U.S. authorities negotiating with BNP Paribas over alleged sanctions violations at one point suggested that France's biggest bank pay a penalty as high as $16 billion, according to people familiar with the matter.
While the sources said that number was only proposed as a negotiating tactic in response to an offer from BNP of about $1 billion, the dollar figures being thrown around demonstrate what bankers and their allies say is an alarming trend of ever-increasing record penalties.
A $16 billion settlement would have pushed BNP's penalty above the biggest ever for a bank -- JPMorgan Chase & Co, which paid $13 billion last year to resolve a number of civil mortgage-related allegations.
More recently, authorities have been discussing a settlement with BNP in the range of $10 billion, sources have said. U.S. authorities are probing whether BNP evaded U.S. sanctions relating primarily to Sudan between 2002 and 2009, and whether it stripped out identifying information from wire transfers so they could pass through the U.S. financial system without raising red flags.
The New York State Department of Financial Services, one of the five offices negotiating the settlement with BNP, could receive at least $2 billion of an eventual $10 billion deal, according to a source familiar with the matter. That would be more than three times that office's $552 million annual budget this year.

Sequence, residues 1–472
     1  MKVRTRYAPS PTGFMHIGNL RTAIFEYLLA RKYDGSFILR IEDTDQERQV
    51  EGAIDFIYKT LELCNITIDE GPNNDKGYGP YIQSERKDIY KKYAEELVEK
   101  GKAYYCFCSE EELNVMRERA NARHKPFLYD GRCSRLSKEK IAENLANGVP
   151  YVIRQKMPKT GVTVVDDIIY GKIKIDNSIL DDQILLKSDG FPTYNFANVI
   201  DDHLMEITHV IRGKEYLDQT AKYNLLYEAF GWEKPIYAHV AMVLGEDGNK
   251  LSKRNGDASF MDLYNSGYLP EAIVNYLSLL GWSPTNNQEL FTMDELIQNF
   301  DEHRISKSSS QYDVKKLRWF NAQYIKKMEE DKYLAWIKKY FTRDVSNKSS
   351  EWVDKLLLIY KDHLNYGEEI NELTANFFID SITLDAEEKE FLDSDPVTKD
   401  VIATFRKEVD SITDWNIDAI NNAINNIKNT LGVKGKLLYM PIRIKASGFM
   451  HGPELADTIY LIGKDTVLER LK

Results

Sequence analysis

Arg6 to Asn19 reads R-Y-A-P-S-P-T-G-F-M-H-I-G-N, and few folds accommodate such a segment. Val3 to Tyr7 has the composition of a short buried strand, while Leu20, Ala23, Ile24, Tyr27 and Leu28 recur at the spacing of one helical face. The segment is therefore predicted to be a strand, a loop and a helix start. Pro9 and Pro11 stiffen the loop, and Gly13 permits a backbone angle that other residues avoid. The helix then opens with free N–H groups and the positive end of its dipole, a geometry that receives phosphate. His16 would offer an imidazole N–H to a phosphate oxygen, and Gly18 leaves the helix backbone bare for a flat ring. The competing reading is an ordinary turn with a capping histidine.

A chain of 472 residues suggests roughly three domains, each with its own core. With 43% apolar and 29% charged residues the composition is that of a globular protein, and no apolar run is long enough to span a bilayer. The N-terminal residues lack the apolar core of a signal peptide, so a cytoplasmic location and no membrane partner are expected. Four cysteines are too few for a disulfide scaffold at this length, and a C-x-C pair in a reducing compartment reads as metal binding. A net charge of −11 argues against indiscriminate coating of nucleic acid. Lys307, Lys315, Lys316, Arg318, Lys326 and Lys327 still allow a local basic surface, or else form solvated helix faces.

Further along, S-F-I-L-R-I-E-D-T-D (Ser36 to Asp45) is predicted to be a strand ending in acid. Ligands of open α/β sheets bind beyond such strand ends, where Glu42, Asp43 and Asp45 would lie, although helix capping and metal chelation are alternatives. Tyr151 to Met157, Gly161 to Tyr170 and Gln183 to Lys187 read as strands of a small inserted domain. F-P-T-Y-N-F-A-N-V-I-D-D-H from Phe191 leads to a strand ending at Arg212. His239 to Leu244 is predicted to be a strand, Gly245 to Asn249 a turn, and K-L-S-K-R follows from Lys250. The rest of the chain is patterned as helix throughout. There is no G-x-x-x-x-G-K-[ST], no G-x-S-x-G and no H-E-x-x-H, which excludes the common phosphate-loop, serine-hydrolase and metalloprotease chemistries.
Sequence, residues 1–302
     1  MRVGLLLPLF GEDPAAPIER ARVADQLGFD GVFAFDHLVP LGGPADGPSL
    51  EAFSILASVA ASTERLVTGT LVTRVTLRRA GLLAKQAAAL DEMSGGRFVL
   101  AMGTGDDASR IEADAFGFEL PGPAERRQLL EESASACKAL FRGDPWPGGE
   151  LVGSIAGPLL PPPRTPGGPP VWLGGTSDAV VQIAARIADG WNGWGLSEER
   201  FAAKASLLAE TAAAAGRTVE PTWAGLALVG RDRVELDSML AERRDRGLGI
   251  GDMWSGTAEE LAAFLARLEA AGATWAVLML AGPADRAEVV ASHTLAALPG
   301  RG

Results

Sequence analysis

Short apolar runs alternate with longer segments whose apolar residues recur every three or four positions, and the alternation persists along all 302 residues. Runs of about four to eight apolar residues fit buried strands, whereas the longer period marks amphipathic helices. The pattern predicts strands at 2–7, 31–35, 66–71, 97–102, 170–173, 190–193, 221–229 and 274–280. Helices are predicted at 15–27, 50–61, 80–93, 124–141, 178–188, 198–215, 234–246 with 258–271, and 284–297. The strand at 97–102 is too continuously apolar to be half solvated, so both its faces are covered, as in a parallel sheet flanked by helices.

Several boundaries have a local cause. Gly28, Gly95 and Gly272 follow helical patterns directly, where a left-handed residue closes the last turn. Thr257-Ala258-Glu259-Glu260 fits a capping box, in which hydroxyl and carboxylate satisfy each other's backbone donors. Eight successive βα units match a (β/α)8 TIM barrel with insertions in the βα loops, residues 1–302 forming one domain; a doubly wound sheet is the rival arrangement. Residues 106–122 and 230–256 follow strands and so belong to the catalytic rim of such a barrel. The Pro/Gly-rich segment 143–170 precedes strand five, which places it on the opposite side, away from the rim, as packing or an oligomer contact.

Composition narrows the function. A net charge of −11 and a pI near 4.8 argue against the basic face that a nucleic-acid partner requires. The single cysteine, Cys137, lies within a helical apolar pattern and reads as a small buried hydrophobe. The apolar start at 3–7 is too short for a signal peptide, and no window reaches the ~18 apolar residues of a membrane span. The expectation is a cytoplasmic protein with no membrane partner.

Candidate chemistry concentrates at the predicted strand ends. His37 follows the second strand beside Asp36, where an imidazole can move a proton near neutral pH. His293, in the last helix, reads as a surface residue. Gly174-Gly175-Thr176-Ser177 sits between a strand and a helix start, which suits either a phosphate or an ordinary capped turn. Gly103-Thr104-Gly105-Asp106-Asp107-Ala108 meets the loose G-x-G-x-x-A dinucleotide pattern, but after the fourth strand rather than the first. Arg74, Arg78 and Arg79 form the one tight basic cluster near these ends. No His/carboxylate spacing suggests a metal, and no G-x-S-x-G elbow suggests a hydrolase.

A $10 billion fine would almost wipe out BNP's entire 2013 pretax income of about 8.2 billion euros ($11.2 billion). BNP reserved $1.1 billion against a potential fine.
Representatives of the Justice Department and BNP declined to comment on the negotiations.
In the past two years the U.S. Justice Department has said it's broken records on penalties for corporate misconduct at least seven times, including three times this year alone. The most recent was Credit Suisse in May, which paid $2.6 billion over charges that it helped American evade U.S. taxes, the largest penalty ever levied in a criminal tax case.
Total corporate criminal penalties in the United States overall increased about 647 percent between 2001 and 2012 to about $4.3 billion, according to figures compiled by University of Virginia law school professor Brandon Garrett.
The robust growth in corporate penalties, especially for banks, has defense lawyers questioning how authorities calculate each landmark settlement and how institutions can prepare for such fines they might face.
Banks are also deploying strategies to try to keep the numbers from growing, including enlisting top executives in settlement negotiations